Consecutive versus alternating cycles of ovarian stimulation using human menopausal gonadotrophin

Kaylen M. Silverberg, Nancy A. Klein, William N. Burns, Robert S. Schenken, David L. Olive

Research output: Contribution to journalArticlepeer-review

11 Scopus citations


Ovarian stimulation is an effective treatment for patients with ovulatory dysfunction and unexplained infertility. An initial report has suggested that consecutive cycles of ovarian stimulation can be employed without causing a diminished response in the second cycle. However, this observation has neither been confirmed nor has a regimen of consecutive stimulation cycles been compared to one of alternating stimulation cycles. Accordingly, 44 consecutive and 54 alternating cycles of stimulation were evaluated in patients (n = 42) who were treated with human menopausal gonado-trophin (HMG) alone. Human chorionic gonadotrophin (HCG) 10 000 IU was administered i.m. when at least one follicle exceeded 16 mm in mean diameter, and this was followed by either intercourse or intrauterine insemination. Using each patient as her own control, we were unable to demonstrate any differences in mean HMG dose requirements, endocrine parameters or follkular development on the day of HCG administration, or ovulation rates in the second consecutive cycle compared to the second alternating cycle. Clinical pregnancies resulted significantly more often in a consecutive cycle (8/22) than in an alternating cycle (2/27, P = 0.029). We conclude that consecutive cycles of ovarian stimulation with HMG are not detrimental and may, in fact, result in increased cycle fecundity compared to alternating stimulation cycles.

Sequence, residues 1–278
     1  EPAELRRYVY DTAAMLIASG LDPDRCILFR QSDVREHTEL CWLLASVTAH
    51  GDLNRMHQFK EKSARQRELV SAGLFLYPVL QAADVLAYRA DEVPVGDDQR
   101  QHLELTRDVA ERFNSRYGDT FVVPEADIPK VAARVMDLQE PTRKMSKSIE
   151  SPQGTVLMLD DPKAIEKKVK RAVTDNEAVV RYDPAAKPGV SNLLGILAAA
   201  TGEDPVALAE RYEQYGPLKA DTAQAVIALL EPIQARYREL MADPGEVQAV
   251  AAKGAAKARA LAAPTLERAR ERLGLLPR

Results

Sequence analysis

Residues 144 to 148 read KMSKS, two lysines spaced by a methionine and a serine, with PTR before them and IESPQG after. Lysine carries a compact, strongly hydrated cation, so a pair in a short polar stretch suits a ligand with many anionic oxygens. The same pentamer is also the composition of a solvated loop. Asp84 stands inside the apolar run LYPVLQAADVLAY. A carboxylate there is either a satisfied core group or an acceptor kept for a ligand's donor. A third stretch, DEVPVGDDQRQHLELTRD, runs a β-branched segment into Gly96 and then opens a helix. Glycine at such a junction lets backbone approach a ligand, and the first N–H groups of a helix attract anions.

Original languageEnglish (US)
Pages (from-to)940-944
Number of pages5
JournalHuman Reproduction
Issue number7
StatePublished - Aug 1992


  • Consecutive cycles
  • Infertility
  • Menotrophins
  • Ovulation induction

ASJC Scopus subject areas

  • Reproductive Medicine
  • Obstetrics and Gynecology


Dive into the research topics of 'Consecutive versus alternating cycles of ovarian stimulation using human menopausal gonadotrophin'. Together they form a unique fingerprint.

Cite this